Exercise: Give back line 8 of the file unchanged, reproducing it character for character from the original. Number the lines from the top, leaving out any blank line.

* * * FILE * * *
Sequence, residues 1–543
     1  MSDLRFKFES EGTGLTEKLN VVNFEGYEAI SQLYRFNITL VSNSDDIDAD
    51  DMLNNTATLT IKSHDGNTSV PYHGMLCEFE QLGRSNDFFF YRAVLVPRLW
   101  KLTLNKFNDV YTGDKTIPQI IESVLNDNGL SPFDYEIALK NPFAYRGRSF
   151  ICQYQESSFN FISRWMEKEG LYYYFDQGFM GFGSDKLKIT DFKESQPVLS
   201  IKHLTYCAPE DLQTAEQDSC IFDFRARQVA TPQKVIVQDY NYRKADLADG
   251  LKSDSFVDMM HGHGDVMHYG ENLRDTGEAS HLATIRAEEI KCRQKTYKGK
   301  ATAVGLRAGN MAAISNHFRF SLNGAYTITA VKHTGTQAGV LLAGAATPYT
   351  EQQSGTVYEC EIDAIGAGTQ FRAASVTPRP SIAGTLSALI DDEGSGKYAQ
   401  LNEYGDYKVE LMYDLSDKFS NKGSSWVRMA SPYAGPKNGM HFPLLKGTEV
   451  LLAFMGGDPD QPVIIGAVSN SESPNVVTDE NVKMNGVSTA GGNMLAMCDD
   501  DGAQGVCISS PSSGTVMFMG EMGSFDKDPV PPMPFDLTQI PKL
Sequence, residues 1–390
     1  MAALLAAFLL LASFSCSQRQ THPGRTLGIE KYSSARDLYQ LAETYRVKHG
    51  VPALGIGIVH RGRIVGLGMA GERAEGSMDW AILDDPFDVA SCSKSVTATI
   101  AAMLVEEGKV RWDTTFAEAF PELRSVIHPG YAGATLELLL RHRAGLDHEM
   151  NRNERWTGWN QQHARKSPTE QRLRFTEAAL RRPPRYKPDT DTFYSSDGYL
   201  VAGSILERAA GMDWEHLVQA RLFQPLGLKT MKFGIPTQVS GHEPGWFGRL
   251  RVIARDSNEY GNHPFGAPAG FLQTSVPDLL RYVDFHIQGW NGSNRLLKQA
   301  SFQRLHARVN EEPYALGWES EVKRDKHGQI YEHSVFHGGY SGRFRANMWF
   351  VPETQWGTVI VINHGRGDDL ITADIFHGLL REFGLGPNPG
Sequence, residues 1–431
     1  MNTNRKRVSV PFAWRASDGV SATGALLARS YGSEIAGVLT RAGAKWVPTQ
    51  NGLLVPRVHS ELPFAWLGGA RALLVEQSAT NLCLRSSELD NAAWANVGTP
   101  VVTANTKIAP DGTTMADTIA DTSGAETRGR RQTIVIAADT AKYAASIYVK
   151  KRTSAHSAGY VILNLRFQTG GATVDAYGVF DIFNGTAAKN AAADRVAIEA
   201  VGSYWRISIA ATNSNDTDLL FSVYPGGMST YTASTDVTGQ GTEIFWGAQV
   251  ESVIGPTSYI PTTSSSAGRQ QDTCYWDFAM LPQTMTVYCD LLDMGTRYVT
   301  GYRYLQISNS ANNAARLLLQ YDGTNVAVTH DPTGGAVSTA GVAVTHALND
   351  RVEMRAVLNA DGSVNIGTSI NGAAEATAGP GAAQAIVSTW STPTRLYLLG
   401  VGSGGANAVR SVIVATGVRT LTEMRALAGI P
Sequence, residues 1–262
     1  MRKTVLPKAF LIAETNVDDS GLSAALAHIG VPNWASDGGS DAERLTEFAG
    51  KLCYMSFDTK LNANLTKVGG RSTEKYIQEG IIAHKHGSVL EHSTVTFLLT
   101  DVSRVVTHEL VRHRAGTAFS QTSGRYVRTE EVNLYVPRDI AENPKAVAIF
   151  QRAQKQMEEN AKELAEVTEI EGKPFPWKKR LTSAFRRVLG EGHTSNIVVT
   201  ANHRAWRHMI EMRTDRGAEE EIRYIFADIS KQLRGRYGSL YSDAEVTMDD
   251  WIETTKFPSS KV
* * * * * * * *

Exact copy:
   301  ATAVGLRAGN MAAISNHFRF SLNGAYTITA VKHTGTQAGV LLAGAATPYT